Prom guilt trips make it impossible to say no

Jake Hamilton , Opinion Editor

A typical Spanish class. Some students are studying vocab while others do “resumenes.” Just a normal day until… What’s this? A mariachi band bursts through the door. They’re strumming guitarras and shouting impassioned lyrics full of “amores” and “corazones.” Heart-shaped tacos are handed out by a short guy with a sombrero. And in the front of the class, one student with a single rose in his mouth and a big sign asking “Jane Smith, will you go to prom with me?” (in spanish of course).

She says yes and the whole class thinks its the cutest thing they’ve ever seen. Everyone’s happy, right? Right?!

Now brace yourself my sentimental readers, because I’m about to say something sacrilegious. Maybe, just maybe, there’s another side to these extravagant ways of popping the question.

Already, half the girls I’ve talked to seem only a fraction as excited for prom as they once were. Closer inquiry showed that they were all faced with a similarly over-the-top display when they were asked to prom. For some it was just not the specific guy they were hoping for; for others it was a guy they didn’t even like at all. Either way, when the question is presented in a way so overwhelming, so public, so “cute,” they just had to say yes.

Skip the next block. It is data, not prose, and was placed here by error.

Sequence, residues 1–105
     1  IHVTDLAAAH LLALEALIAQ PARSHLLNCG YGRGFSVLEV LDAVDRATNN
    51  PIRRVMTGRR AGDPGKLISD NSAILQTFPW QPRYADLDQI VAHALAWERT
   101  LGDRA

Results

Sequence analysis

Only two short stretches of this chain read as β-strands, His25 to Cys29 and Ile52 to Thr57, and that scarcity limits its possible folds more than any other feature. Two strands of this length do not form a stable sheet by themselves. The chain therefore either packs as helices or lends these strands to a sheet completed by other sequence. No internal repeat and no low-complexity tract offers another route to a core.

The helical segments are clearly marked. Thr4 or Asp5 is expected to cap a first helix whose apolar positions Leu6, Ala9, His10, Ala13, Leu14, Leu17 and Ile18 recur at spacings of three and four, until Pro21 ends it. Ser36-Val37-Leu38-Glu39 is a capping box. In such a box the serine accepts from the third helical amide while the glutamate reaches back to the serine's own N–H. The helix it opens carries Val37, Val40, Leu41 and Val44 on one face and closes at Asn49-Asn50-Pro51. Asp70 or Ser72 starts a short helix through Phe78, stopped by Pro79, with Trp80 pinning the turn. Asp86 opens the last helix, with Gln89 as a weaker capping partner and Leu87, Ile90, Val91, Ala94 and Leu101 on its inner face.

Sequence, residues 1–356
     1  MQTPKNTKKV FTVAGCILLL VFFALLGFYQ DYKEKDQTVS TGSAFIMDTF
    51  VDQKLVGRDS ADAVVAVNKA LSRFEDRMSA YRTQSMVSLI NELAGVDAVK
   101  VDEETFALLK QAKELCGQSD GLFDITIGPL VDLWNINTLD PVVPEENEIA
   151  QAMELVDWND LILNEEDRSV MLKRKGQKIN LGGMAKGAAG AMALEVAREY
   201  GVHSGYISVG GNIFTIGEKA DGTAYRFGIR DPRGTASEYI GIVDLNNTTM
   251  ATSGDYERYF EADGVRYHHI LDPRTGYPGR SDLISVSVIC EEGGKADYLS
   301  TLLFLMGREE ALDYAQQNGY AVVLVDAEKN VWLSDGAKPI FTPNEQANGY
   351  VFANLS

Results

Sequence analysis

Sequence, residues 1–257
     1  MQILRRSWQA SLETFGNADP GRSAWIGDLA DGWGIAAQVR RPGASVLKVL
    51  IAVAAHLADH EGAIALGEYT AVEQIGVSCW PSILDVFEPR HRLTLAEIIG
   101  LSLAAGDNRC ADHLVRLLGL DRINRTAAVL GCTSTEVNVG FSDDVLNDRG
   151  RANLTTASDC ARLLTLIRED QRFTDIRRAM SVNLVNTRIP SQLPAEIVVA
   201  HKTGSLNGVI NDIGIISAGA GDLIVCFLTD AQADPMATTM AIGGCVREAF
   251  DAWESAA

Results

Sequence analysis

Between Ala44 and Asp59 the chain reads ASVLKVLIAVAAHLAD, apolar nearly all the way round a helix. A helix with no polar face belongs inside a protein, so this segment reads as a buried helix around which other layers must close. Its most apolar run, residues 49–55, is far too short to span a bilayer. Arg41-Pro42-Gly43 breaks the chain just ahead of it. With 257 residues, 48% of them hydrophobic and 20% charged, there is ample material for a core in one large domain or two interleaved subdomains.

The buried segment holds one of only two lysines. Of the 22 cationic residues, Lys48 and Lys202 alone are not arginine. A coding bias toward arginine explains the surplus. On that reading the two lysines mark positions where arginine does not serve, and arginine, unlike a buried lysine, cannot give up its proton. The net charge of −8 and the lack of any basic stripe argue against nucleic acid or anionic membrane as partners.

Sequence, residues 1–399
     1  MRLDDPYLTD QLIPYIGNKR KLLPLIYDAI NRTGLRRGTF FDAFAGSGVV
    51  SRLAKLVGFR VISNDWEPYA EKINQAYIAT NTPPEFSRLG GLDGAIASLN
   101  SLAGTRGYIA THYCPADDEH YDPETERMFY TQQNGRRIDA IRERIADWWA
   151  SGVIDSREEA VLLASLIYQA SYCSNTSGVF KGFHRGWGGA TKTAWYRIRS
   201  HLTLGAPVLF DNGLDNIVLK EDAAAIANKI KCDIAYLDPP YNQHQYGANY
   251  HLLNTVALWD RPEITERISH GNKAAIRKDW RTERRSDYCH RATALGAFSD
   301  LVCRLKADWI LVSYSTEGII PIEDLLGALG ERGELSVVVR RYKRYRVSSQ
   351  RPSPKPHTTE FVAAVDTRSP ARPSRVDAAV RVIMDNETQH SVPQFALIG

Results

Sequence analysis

So here we get philosophical: if they felt like they had to say yes, was it really even their choice at all?

Obviously there are exceptions to this. For couples or people with close relations, it makes sense to show how much you care with a grand promposal.

The problem is when its a last resort. When the guy fears rejection, he goes hail-mary on one large and public display. This puts the weight of the situation on her, more often than not, guilt-tripping her into giving a big fat yes.

There you have it ladies and gentlemen. The unpopular other side that most have been trying to ignore.

It happens far too often, and could be easily avoided. Guys shouldn’t overcompensate to make an uninterested girl say yes. Subtle ways are effective, and more personal without a grand-stand audience. Also, girls shouldn’t feel obliged to say yes to every grand and public gesture. It should be taken as a question, not a moral struggle.

Rejection builds character, just look how good I turned out. There’s a forgotten value to the word “no.” It shows honesty, respect.

That’s far more valuable than “cute.”